The bottom line was that a rapidly evolving human population – in terms of both demographic numbers and cognitive capacity – sought ever newer pastures. The result was the rise of empires, the conquest of other weaker groupings, the Voyages of Discovery, the unfolding model of colonialism and ultimately globalization as we experience it today.

In a sense then, explorers arriving on African shores had come home to their roots with the voyages of discovery in the 15th and 16th century. The reason things could not have happened the other way round (i.e. Africans exploring the European domain for example) was on account of the differences in technological sophistication that had developed over previous millennia. The émigrés had adapted to new latitudes, met hitherto unknown challenges and conquered newly hostile environments, ultimately developing skills in metallurgy, seafaring, warfare, the breakdown of the tribe and governing large numbers of people - and more besides. African populations did not develop to the same extent.

So that is what colonialism was all about. And that also explains how and why more advanced people explored, occupied and dominated new environments.

But why did colonialism collapse? There are two answers to this question.

The first and proximate reason was economic, with colonialism eventually ceasing to make financial sense. In the early days of world exploration the mercantilist school of thought reasoned that the more gold bullion; spices; foodstuffs; precious minerals; timber for building; sugar and other items of scarcity in the mother country had value and could be acquired cheaply. After a time however, the costs of holding such possessions once they had become colonies and required management and oversight, outweighed the economic and political benefits.

So they had to go.

Woven into this chapter of history there were many sub-plots, and Cecil John Rhodes wrote one of them. His loyalty to the Crown persuaded him that the delusion of British hegemony from the Cape to Cairo was a good thing and in the process enriched himself as a mining magnate and businessman. His achievements were remarkable and his involvement in the sub continent opened a window to the world – without which it might have remained a global backwater.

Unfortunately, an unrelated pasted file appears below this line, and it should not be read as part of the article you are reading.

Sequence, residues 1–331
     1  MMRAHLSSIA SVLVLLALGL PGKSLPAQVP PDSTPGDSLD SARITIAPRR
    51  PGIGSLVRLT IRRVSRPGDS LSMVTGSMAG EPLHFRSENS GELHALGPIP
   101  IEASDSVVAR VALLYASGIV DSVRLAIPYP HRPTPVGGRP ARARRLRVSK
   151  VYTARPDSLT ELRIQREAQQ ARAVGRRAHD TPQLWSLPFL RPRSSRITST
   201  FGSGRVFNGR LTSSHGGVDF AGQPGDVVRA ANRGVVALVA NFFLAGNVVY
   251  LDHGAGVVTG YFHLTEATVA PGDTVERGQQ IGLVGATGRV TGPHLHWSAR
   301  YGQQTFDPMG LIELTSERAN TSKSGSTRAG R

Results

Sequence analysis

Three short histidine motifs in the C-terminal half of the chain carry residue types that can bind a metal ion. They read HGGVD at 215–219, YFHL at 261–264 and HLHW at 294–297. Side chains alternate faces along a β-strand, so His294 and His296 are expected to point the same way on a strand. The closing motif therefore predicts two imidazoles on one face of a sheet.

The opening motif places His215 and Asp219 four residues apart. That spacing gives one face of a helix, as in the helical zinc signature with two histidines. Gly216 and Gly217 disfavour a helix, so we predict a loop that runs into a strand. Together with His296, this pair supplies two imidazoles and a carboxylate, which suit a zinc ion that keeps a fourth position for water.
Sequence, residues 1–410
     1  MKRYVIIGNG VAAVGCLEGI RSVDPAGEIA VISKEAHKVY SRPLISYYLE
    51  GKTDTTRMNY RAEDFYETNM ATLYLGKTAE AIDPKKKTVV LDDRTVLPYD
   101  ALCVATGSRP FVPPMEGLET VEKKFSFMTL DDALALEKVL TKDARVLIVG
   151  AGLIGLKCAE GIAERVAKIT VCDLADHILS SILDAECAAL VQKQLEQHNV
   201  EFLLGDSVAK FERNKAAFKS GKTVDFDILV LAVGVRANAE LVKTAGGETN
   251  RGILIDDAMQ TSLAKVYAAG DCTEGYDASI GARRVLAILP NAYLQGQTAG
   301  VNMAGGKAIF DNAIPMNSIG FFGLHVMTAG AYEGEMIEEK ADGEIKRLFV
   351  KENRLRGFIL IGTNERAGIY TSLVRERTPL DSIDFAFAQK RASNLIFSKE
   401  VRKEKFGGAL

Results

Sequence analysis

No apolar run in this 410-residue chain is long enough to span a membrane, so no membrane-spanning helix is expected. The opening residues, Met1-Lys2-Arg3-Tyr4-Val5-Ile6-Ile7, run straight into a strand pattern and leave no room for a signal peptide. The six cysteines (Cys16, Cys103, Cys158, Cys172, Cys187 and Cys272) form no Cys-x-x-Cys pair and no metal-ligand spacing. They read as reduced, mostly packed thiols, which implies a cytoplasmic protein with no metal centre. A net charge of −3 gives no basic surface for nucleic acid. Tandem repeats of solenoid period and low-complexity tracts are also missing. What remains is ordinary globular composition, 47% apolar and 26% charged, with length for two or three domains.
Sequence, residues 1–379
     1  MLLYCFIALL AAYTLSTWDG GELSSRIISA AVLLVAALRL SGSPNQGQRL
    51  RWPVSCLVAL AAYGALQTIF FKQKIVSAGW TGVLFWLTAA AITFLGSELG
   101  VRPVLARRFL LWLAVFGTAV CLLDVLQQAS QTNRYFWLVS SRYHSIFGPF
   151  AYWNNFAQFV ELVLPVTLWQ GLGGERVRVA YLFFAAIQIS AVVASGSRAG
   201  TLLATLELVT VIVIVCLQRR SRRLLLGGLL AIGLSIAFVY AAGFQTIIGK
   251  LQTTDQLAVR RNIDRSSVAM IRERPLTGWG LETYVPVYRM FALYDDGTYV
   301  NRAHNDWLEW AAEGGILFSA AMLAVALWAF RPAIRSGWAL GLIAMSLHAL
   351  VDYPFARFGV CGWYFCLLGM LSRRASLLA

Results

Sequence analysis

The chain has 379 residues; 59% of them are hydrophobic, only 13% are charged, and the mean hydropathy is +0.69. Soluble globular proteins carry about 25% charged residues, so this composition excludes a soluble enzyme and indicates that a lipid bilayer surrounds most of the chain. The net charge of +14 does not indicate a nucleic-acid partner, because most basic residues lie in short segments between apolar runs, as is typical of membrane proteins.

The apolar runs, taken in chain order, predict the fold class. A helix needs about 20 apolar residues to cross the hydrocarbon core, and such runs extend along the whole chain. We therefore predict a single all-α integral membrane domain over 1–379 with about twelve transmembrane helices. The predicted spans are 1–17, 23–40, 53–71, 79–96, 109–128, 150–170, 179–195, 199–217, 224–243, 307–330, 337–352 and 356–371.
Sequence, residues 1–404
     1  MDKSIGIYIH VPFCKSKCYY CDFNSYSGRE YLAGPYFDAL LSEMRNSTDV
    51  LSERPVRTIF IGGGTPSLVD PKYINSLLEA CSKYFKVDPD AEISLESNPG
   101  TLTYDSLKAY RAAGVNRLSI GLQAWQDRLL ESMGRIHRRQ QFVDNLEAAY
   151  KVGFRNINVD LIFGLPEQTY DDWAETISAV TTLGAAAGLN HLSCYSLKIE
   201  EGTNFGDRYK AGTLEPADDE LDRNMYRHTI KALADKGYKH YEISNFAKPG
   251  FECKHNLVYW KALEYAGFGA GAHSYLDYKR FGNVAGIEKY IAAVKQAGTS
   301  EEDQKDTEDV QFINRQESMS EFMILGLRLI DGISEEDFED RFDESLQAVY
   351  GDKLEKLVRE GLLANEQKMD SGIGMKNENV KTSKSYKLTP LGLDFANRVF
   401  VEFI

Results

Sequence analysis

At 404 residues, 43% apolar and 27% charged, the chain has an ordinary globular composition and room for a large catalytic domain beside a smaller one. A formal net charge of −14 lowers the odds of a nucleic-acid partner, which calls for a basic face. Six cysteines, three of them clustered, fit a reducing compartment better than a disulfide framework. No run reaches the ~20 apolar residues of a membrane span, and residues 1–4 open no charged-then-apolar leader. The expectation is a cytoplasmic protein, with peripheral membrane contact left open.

The second – and ultimate - answer to the question of why colonialism collapsed is simply that it never did. It metamorphosed and grew in scope and stature. The global village was born.

Indeed without world exploration and colonialism, globalization could not have happened. It was a sine qua non to the modern world, in much the same way as the Wright brothers experiments preceded air and space travel. That globalisation is the progeny of colonialism and was always inevitable is, again with the help of hindsight, to point out the obvious.

I am now prompted to ask the million dollar question – one almost as ridiculous as the issues of dried out chewing gum and why people topple statues. Does Zuma - our president – eat with a knife and fork?

Of course I know the answer already because of all those official dinners, banquets in the public eye and hobnobbing with foreign diplomats. I would also lay money on the fact that parliamentary lunches and dinners at the Union Buildings include polished cutlery and neatly laid out knives, forks and dessert spoons to accompany the fine china crockery.

Now, I wonder. Where did he, his recent forebears and fellows in the struggle learn to use such tools of European culinary etiquette; such icons of foreign coercion and symbols of oppression? The answer is that they came free of charge with colonialism and the western influence that he despises when rounding on van Riebeeck or disparaging the rigours of a democratic constitution that cramp his style.

And how about jeans, t-shirts, and automobiles? And surely brick and mortar homes, office technology, air transport and a host of other examples that all qualify as proxies for the great Satan of colonialism?

The answer is that ours is a racist government cherry picking icons and issues to support its urge to confiscate, purloin and attach. It distorts and conflates the notions of oppression, “transformation” and restitution only for political and material gain, spawning an entitlement mentality to amplify the voter ignorance that sustains it.

And that is how Zuma gets to eat with a knife and fork! Oh me oh my, oh you - can that ever be so true?

Whilst he, his drones, acolytes and allies promote policies that result in collapsing infrastructure, basement level education and grant recipient queues to buy putu pap eaten without a knife and fork, he harvests the fruits of colonialism, uses silver cutlery and turns a blind eye to the realities of history.

So there you go Mr Zuma!

You may now eat.